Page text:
Unless you’re jonesing for a freakout, you probably won’t want to throw Bobby Krlic’s (aka The Haxan Cloak’s) Midsommar score on the turntable. It’s neither a comfortable nor a smooth listen, and independent of the visuals it’s still nearly as jarring as watching the film itself.
But the experimental composer’s arrangements also radiate a peculiar beauty, one that pairs tremendously well with Ari Aster’s grotesque Hereditary follow-up. In Midsommar, Dani (played by a fantastic Florence Pugh) is a grief-stricken college student who travels to Sweden with her emotionally unavailable boyfriend Christian (Jack Reynor) and his fellow anthropology grad school buddies (Josh, a hyper academic type who’s more or less just another take on William Jackson Harper’s The Good Place character Chidi, and the douchey horndog Mark, played convincingly by Will Poulter). They accompany their friend Pelle back home to his commune for Midsommar, a “festive” summer solstice celebration that’s pitched as potential inspiration for good thesis projects. Their stay on the idyllic ranch quickly turns from a free-spirited European excursion complete with recreational hallucinogens, flower wreaths and cultural curiosity to a sun-drenched nightmare that looks like it was shot through a Clarendon Instagram filter. It’s both a gruesome exploration of trauma and a gory, hair-raising spook, perhaps more neatly described as a really, really bad trip.
Because Midsommar projects these darknesses onto an exceedingly bright aesthetic, it’s unlike anything you’ve ever seen in the horror genre. A24 chose a strange time (peak superhero season) to release this beautiful, terrifying indie flick—yet, it still seems fit to this phase of the calendar. It’s as funny as it is scary, inciting as many laughs as screams, and it already feels like a classic. Aster just knows how to service audiences.
It’s no wonder the script seems uncannily suited to the score—Aster wrote the whole thing while listening almost exclusively to The Haxan Cloak, namely the British artist’s bold and foreboding 2013 album Excavation, which is itself sparse, twisted and sounds ripe for the screen. Ari and Krlic worked closely together to craft Midsommar’s distinct brand of paganism—they studied Swedish folklore, sampled traditionally Nordic instruments like the Hurdy Gurdy (yes, it’s real) and the key harp and even stitched together old Icelandic and Nordic texts, among others, to create their own tribal language, one that’s equal parts gorgeous and unsettling. Unassuming Swedes in braids and embroidered aprons can look awfully sadistic when chanting that unintelligible rot, cast in a creepy midnight sun and skipping around a sacrificial maypole.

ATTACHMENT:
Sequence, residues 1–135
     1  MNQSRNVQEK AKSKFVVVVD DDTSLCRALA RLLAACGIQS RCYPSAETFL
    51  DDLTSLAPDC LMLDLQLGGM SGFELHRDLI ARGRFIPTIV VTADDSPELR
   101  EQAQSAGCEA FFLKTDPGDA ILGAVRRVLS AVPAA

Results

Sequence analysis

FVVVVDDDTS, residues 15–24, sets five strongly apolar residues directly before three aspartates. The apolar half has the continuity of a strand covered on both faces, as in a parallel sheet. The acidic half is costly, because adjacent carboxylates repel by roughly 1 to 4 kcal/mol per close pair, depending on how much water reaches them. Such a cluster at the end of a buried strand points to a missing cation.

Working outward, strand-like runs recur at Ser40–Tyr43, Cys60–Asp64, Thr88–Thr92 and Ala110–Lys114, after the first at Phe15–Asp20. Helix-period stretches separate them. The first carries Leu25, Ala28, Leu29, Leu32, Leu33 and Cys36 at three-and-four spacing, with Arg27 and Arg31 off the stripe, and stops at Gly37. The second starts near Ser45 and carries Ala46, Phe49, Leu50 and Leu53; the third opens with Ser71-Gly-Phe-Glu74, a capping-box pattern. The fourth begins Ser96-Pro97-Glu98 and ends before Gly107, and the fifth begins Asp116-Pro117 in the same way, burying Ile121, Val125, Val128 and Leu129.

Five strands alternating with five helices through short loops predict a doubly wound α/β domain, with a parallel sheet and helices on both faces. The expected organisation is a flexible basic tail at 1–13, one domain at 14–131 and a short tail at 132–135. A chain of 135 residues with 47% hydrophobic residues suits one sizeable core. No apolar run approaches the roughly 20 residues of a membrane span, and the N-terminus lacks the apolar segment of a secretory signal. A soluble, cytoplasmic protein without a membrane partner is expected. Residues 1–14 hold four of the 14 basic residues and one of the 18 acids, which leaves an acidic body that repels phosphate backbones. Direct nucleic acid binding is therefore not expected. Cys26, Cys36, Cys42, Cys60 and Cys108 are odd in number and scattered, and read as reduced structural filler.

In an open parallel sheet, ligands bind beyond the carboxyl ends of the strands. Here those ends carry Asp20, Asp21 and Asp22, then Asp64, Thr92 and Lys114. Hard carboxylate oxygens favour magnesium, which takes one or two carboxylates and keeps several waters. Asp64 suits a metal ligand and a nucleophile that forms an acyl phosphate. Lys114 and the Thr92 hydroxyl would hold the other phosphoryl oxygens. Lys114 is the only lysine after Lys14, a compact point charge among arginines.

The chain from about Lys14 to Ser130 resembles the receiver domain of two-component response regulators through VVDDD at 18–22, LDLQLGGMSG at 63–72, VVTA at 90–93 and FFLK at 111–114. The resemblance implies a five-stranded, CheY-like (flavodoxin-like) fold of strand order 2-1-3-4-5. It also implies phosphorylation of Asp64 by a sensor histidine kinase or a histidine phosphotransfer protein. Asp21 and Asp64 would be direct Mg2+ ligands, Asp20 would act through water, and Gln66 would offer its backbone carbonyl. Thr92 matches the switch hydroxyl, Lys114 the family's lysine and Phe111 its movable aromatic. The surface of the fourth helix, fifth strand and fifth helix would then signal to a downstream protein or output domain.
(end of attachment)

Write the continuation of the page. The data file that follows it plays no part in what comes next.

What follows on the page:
The entire movie is a sonic experience. Screams, grunts and sharp breaths (the ones you’ve likely seen in a trailer or meme by now) are as important as dialogue, and cryptic ceremonial songs performed by choreographed commune-dwellers provide some of the film’s most visually striking segments. Throughout the movie’s 140 minutes, Dani experiences the extreme ups and downs of grief, and the music moves with her. The pitch-black exposition (“Gassed” in the tracklist), in which she weathers an unthinkable loss and fights for even just a smidge of tenderness from Christian, gets a stark strings treatment that turns to intense, drum-defined chaos. And when our team of travelers arrives at the supposed pastoral sanctuary and Dani momentarily escapes her emotional torture, cheered at the sight of grazing cows and children playing flutes, dreamlike tones and high-pitched violins trick the viewer into thinking this is some kind of fairytale. Just remember: it’s not.
While listening to the album version of the score (what I have already advised the easily-spooked among you not to do), a text notifcation loudly “dinged” on my computer just as the strings on “Ritual in Transfigured Time”—a piece that soundtracks a terrifying suicide ceremony early in the film—swelled to a mortifying climax, and I very nearly fell out of my chair. You should have seen me in the theater.
There’s a disturbing pluck of the harp, breathy tribal chant or sudden surge of electronica for every scary surprise, but the most interesting sound mixing happens near the film’s end, when Dani accidentally observes what has to be the weirdest sex scene of the year. Rattled and disgusted, she’s embraced by the cult’s women who mimic her screams, all of them eventually collapsing into a wailing horde. By this point, the week’s ceremonies are drawing to an end, the body count is high and we’ve lost all faith in Christian, who has been more infatuated with anthropological pursuits than Dani’s fragile state, and she just can’t take it anymore.
These shudders and screams culminate in a stunning, nine-minute swan song of crackling strings (“Fire Temple”). It’s the part of the score that most resembles that of a traditional film, but the crooked catharsis happening on screen isn’t your average resolution. If you’d like to wait and see what happens during the alarming-yet-affirming final scene for yourself, stop reading right this minute.
But to the remaining spoiler-seekers: Don’t get too distracted by the human roast that you forget to hear Krlic’s ingenious compositions. As the very last bit of Dani’s world erupts in flames, she cracks a delusional smile. In a way, this final scene is just a crummy boyfriend getting what he had coming for him, a dramatic end to the most twisted breakup movie of all time. But the real horror isn’t in solely watching the shriveling bodies and towering flames—it’s in the juxtaposition of hearing those cool, sweeping strings flare up while a sea of screams turn to laughter, and everything else to ash.
Midsommar is in theaters now. The score is out July 5 on Milan Records.